The other time we reflected as to why there should be rules in Church community. Today’s topic
reflects upon the purpose, scope, function and nature of Canon Law in the Church as a society.
G.J. Woodall outlines the purpose of Canon Law as to; assist the Church in fulfilling its task
which is to reveal and communicate God’s saving power to the world, create order in the
community, bring about tranquility and peace. The law can also be a teacher to the people, as the
Torah once was guiding the people of God toward the kingdom.
The scope of Canon law then pertains almost exclusively to the external forum, the arena of the
Church’s public governance, and not directly to the internal forum, or the arena of conscience. It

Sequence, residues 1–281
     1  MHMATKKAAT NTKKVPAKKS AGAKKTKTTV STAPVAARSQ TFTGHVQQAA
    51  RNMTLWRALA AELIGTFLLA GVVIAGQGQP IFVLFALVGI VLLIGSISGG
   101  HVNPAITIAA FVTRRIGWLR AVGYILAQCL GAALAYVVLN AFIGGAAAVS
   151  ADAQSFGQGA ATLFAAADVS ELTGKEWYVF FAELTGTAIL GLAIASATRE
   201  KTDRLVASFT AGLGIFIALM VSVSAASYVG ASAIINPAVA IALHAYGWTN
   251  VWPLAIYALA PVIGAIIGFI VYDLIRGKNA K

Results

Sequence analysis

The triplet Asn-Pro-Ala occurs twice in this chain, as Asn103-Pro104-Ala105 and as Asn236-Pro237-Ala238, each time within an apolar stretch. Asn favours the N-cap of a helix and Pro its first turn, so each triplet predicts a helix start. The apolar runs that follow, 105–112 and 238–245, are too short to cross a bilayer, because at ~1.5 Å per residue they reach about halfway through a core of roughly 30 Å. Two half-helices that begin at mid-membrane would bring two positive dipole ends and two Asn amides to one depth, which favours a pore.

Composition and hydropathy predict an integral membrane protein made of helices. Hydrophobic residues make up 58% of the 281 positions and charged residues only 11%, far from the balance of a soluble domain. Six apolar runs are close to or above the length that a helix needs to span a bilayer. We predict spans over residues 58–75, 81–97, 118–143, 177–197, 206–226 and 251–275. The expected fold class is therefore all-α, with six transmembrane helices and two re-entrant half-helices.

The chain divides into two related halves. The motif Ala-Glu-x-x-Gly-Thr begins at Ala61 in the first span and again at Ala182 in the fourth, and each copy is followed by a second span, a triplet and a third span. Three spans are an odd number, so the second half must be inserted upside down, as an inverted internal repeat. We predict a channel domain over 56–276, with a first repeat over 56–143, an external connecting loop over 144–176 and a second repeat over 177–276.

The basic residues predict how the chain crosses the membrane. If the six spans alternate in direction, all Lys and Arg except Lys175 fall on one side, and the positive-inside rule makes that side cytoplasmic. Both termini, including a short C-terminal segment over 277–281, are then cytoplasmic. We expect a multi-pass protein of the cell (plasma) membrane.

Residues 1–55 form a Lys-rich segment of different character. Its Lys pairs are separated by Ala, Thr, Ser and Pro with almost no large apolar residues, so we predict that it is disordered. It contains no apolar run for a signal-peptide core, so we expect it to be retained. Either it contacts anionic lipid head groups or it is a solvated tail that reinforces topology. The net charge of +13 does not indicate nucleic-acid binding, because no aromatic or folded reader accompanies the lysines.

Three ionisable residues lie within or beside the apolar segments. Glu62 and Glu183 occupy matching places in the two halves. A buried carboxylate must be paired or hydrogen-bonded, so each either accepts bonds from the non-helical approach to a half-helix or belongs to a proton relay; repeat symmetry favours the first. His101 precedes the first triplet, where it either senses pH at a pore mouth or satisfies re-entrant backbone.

governs the external order of the Church, the public life of the faith community and does not
attempt to measure or compel personal conscience or moral judgments.
The functions of law in a society includes; to aid society in the achievement of its goals, to afford
stability to the society, to protect personal rights, to assist in the education of the community.
The nature of canon Law is that; the Church is a human community; it has an affinity with the
divine because it is an integral part of the Church as a Sacrament. In the law itself, human
prudence blends with divine wisdom in a close union but without fusion or confusion. Law
provides for human needs and it is bound to reflect the human qualities of the legislator. Cf. J.P.
BEAL, et al., (eds.), New Commentary Code of Canon Law, Commissioned by the CANON
LAW SOCIETY OF AMERICA, Theological Publications in India, Bangalore 2013, p. 2.